Social Security already provides financial protection for young families through disability and survivor benefits. Nationwide, there are some 6 million survivors, including nearly 2 million children who receive Social Security benefits due to the death of a wage-earning mom or dad. Another 1.5 million kids receive benefits because their parents are disabled.

If Congress truly wants to help young families, it could boost Social Security benefits by creating caregiver credits for adults who spend time out of the workforce caring for loved ones. (Because retirement benefits are calculated according to lifetime earnings, unpaid caregivers usually receive less for having left the workforce – even temporarily). Caregiver credits would guarantee higher retirement benefits to parents and others who forgo wages to care for family.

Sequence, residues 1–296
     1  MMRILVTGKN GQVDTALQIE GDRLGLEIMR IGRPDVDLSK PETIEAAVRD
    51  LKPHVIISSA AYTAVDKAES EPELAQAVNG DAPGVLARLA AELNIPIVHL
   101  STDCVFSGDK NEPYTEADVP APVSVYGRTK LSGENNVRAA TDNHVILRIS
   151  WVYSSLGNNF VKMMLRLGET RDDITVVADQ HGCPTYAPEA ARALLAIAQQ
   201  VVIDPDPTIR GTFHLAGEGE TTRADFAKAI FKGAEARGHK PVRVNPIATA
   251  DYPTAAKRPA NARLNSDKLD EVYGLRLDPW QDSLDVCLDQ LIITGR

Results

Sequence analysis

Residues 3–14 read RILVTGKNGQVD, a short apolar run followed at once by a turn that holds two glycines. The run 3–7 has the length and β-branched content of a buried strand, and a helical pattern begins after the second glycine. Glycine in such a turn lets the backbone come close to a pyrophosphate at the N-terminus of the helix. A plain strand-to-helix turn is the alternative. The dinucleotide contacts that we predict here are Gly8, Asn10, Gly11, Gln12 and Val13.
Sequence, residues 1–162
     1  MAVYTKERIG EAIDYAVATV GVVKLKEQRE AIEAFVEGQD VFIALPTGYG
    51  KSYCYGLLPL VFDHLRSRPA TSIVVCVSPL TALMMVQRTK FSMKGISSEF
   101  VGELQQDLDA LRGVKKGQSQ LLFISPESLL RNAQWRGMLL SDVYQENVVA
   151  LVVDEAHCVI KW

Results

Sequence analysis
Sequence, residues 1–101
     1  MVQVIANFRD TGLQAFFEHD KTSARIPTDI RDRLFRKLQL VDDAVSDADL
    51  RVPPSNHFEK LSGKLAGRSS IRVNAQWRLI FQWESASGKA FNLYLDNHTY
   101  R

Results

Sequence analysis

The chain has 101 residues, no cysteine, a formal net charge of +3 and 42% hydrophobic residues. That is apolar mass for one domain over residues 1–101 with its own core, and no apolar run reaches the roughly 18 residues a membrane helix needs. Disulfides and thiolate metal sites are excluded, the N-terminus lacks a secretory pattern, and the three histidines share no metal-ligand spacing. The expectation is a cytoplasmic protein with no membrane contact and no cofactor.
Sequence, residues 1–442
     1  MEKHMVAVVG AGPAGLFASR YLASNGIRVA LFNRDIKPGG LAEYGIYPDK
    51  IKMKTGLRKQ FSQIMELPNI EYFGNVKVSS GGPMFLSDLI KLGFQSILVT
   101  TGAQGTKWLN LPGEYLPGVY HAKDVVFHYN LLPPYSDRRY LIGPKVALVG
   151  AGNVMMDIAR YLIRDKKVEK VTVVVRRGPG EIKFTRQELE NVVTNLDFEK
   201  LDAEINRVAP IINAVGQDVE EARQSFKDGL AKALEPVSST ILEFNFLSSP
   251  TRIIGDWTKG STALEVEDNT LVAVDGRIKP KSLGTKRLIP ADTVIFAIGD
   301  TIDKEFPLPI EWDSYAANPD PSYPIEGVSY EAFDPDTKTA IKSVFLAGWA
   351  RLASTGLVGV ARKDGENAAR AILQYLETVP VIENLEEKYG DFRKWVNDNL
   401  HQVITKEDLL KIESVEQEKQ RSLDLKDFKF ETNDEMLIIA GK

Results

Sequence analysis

Rep. Nita LoweyNita Sue LoweyTrump officials say aid to Puerto Rico was knowingly stalled after Hurricane Maria McConnell tees up government funding votes amid stalemate Dem committee chairs blast Trump G-7 announcement MORE (D-N.Y.) is expected to re-introduce her Social Security Caregiver Credit Act later this year. Under Lowey’s bill, the caregiver credit would be progressive and calculated on a sliding scale according to income. A full-time caregiver would receive an annual $22,000 credit toward her earning history to be used in determining her future Social Security benefit.